Interactive fiction was the first great computer-game craze. No graphics, no game controllers, no touchscreens — none of that existed yet. You type a command, and the game tells you what happens next.
These were the triple-A titles of the early 1980s: sophisticated, complex, involving, literate gameplay. Of course, other genres soon came along... but the text games never went away. An Internet community of IF fans picked up where Infocom and the other old companies left off. I'm one of them; I've been releasing indie IF games since 1995.
Now I've started porting my games to the iPhone and iPad. I believe that mobile platforms are the natural home of interactive fiction. Phones and tablets are designed for reading — and IF commands are tweet-sized.
All of my iOS apps are built on a common framework, which includes...
If the idea of interactive fiction is new or strange to you, take a look at this quick reference card. It’s not a complete manual — it’s just a guide to what IF commands look like. Once you get used to the pattern, it’s pretty easy to express what you want to do.
(Click for PDF version of the card. More versions and translations available at the People’s Republic of Interactive Fiction. Print ’em out and pass ’em around. Card text by Andrew Plotkin; design by Lea Albaugh; licensed CC BY-SA.)
“Myrmidal is the queen of the bright worlds, and you’ve walked her million cities beneath her sky and beyond it. Myrmidal laughs and Myrmidal dances; they say no one weeps on Myrmidal, except for moments on the stage. But even on Myrmidal the sun rises and sets, and the music grows tinny and harsh when you weary of dancing.”
“Like many of Andrew Plotkin’s games, Hoist Sail for the Heliopause and Home is beautiful because so alien... The game-play is extremely ingenious at teaching the player to manipulate and appreciate something completely unrecognizable.” — Emily Short at PlayThisThing
Shade is a snack-sized experiment in surrealism and psychological fear. It begins as a classic “room escape” scenario; but that’s not how it ends.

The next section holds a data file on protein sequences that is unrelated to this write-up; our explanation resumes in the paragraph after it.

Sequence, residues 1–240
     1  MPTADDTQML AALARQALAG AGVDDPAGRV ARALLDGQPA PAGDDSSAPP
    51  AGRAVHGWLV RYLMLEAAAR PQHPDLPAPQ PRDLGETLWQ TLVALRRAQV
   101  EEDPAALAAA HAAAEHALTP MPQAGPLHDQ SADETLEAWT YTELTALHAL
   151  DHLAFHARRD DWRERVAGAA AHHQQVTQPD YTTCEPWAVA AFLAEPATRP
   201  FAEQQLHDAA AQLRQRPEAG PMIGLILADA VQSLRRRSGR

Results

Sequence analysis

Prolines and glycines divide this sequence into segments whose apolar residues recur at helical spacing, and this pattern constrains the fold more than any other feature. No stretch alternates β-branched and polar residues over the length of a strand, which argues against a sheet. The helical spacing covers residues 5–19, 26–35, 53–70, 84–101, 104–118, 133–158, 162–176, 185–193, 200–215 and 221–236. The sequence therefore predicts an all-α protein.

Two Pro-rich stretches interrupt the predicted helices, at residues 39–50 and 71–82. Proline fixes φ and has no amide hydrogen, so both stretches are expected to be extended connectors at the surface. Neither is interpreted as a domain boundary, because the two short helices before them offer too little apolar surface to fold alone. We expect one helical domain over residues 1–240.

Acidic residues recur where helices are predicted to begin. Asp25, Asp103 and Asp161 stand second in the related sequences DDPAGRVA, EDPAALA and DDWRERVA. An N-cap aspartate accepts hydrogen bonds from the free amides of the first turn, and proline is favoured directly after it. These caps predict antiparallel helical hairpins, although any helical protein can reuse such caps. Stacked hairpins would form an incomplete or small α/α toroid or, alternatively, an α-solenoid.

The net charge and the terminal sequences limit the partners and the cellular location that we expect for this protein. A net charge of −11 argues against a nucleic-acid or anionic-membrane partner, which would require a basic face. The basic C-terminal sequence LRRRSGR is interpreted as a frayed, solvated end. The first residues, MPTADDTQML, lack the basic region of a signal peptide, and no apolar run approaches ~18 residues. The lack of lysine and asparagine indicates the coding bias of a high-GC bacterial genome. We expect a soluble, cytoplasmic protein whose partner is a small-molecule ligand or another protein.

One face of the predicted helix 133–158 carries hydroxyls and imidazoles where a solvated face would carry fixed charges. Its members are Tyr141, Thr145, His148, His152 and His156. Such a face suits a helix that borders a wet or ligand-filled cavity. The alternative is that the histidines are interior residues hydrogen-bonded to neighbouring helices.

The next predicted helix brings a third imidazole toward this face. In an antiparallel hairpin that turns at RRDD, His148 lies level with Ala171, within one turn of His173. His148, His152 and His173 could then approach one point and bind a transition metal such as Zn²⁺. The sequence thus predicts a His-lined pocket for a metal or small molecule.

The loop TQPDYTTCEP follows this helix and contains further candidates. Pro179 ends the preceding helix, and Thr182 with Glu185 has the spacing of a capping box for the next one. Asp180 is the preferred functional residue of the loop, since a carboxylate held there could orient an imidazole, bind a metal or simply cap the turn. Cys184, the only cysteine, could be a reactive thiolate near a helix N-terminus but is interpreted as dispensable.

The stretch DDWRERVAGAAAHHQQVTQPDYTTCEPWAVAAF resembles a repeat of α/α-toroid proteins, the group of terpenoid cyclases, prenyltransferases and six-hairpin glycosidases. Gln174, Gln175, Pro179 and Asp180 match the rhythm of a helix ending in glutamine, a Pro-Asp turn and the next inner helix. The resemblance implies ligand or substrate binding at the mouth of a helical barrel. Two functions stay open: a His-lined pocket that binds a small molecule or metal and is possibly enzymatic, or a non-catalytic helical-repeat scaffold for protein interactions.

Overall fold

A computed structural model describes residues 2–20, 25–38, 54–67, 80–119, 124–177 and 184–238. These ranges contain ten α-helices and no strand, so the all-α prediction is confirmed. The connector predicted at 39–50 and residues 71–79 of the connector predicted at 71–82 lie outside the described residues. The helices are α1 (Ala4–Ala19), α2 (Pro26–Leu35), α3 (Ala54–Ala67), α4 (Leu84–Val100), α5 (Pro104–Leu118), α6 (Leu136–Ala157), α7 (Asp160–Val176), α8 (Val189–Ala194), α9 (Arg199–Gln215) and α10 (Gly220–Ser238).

Play Shade if you’re in the mood for a short trip into an uncertain, shifting environment that might just be a nightmare.
“Suffice it to say that it’s extremely well crafted and very, very creepy—this is ‘mess with your head’ IF par excellence.” — Baf's Guide to Interactive Fiction
The Dreamhold is my interactive fiction tutorial game. It’s designed for people who have never played IF before. It introduces the common commands and mindset of text adventures, one step at a time. There’s an extensive help system describing standard IF commands, as well as dynamic hints which pop up whenever you seem to be stuck.
Of course, you can turn off the hints and the tutorials, and play The Dreamhold as a real game. The puzzles are not extremely difficult, but they should offer some challenge to both experienced players and newcomers. (If the challenge is insufficient, there’s an “expert” mode which makes some of the puzzles harder.) There are also many optional bits to explore beyond the main storyline.
I’ve tried to create a game which rewards many species of adventurer: the inexperienced newcomer, the puzzle-hurdler, the casual tourist, the meticulous explorer, the wild experimenter, the seeker after nuances and implications.
I have written many more games than these. I have not uploaded them all as iOS apps, but they are all available as free browser games on the Interactive Fiction page on my personal web site.
(You can install most of these games on your iPhone/iPad by loading them into Frotz, a free iOS IF interpreter.)
Of particular note: